Rashi notes the juxtaposition of the beginning of this parsha, dealing with the laws of judges and civil law, with the end of the previous parsha, which is devoted to the laws regarding the mizbei’ach, altar. He explains that the Torah teaches us that the Sanhedrin should be located adjacent to the Bais Ha’Mikdash. What is the spirit behind this law and what message does it communicate?
Horav Mordechai Rogov z.l., suggests the following insight. The Sanhedrin, or the judges and Torah leaders of Am Yisrael, must be dedicated to uphold Torah law to the point of self-sacrifice. This concept is represented by the proximity of the Sandhedrin to the mizbei’ach, the symbol of sacrifice. In order to uphold the sacredness of Torah, so that it is esteemed by all, it is crucial that its administrators remain determined and resolute.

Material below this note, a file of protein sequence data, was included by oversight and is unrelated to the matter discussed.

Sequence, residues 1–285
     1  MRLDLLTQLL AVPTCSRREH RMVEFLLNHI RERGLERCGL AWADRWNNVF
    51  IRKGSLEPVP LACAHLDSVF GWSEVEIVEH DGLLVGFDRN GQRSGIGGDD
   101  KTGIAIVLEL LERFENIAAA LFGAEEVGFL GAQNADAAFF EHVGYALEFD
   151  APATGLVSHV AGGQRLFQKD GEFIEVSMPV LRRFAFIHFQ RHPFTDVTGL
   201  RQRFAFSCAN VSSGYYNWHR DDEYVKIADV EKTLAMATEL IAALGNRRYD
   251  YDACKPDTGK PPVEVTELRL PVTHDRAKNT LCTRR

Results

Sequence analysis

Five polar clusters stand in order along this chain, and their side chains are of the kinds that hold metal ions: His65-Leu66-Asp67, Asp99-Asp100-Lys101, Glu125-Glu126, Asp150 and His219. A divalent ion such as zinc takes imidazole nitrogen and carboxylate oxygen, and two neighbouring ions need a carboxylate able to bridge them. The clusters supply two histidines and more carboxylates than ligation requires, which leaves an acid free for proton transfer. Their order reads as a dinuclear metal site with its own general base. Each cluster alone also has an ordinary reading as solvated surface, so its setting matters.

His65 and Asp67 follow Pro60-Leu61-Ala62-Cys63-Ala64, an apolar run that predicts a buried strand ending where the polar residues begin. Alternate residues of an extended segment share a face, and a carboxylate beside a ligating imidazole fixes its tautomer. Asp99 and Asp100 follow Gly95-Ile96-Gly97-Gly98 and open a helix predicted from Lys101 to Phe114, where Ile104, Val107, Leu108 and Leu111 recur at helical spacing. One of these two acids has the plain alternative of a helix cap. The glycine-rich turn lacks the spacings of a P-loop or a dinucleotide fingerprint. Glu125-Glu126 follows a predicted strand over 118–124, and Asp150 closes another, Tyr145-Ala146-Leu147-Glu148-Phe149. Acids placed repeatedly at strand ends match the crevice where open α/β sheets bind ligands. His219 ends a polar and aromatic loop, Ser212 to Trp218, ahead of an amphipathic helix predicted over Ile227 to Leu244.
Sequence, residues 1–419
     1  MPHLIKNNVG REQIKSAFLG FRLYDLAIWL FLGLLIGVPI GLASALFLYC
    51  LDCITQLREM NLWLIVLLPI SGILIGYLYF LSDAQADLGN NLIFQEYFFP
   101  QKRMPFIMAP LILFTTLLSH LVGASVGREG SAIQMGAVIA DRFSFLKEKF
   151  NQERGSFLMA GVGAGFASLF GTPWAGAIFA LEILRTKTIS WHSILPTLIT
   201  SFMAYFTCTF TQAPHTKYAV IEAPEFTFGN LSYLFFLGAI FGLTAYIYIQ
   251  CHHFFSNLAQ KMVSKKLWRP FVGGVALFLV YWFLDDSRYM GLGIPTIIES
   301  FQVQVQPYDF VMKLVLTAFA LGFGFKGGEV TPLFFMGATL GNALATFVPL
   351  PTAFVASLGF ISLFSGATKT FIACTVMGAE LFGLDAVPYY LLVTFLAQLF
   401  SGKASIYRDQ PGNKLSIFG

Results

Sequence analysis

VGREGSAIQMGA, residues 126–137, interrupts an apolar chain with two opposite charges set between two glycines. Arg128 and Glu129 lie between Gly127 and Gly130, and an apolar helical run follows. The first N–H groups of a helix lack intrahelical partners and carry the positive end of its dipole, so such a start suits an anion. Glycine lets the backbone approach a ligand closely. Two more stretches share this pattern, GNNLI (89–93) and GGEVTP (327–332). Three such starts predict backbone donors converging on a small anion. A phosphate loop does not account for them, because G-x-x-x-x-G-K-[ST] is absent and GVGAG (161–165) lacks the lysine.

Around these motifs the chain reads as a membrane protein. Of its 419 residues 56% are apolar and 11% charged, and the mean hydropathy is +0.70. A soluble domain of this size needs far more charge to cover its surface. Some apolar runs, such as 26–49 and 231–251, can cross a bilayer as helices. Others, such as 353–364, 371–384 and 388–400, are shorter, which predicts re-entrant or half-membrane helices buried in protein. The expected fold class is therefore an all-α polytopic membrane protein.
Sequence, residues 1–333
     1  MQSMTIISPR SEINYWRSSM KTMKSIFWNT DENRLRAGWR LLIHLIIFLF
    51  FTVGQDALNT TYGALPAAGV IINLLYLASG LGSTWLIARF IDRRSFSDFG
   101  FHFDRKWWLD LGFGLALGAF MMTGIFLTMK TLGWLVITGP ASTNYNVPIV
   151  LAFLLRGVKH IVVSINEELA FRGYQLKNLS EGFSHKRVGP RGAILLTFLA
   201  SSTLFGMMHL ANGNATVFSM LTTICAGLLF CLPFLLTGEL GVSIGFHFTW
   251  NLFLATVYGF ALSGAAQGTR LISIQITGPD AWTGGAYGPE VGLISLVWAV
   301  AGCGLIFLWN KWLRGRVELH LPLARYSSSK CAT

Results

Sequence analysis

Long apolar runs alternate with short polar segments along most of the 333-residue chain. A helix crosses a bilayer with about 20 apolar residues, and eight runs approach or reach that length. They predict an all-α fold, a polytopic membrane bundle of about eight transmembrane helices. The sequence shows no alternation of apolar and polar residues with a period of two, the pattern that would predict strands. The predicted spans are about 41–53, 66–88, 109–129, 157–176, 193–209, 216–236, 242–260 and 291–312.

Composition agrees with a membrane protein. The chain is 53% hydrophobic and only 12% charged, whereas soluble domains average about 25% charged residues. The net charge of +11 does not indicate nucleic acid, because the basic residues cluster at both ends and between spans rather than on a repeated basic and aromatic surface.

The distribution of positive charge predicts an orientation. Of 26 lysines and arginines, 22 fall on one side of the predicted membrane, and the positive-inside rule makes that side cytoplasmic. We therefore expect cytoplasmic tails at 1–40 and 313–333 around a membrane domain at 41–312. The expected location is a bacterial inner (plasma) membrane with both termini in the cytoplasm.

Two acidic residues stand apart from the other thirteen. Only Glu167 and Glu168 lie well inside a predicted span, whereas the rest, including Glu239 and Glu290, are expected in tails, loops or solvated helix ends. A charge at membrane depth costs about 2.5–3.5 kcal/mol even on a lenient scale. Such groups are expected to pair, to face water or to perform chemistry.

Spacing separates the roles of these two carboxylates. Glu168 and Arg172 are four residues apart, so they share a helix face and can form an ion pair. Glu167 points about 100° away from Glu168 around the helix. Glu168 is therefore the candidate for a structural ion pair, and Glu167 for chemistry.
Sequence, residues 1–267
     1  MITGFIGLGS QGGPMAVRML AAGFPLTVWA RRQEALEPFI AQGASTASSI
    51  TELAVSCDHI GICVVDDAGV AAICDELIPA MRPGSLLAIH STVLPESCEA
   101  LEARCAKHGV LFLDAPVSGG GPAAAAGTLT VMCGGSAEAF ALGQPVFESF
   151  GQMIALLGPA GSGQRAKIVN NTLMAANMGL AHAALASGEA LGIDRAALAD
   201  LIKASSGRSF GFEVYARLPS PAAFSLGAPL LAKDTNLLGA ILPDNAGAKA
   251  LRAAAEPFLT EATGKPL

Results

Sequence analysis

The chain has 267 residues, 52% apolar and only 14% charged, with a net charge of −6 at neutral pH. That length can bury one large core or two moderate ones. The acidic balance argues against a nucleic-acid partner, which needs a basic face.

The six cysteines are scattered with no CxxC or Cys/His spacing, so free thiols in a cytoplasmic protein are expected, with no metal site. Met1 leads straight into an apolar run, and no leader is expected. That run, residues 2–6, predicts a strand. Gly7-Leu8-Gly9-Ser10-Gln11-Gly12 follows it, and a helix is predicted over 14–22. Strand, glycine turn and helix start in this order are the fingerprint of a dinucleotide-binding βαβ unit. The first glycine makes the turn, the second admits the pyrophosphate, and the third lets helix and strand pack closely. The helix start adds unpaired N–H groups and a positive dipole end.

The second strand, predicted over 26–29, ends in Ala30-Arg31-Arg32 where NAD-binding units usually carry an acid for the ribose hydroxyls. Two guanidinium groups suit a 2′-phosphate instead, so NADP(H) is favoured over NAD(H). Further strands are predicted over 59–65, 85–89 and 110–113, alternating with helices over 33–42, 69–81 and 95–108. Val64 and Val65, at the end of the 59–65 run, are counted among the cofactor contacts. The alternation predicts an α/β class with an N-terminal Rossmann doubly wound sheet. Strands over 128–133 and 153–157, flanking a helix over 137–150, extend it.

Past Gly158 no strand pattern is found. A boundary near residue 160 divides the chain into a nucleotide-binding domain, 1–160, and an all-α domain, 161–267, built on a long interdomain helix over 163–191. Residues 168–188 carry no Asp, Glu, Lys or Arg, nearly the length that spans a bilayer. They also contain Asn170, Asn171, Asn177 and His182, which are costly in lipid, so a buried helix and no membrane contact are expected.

We may offer another approach to explain Rashi’s comment. The judge, or anyone who is about to make a decision regarding an individual, must take certain ideas into consideration. Although it is necessary for him to make this evaluation , the manner in which he performs it will determine its credibility. When we judge someone, we are playing with the lives of entire families. The decision we render regarding an individual can determine his entire future. Indeed a judge must arbitrate, but his intentions must be noble. Should he be obligated to censure someone, the censure should be executed with dignity. We have learned that one who offers a sacrifice on the mizbei’ach must have the appropriate intentions, or the korban is rendered pigul, invalid. Similarly, the judge must exercise extreme caution in rendering decisions concerning human lives, so that his decision will be valid.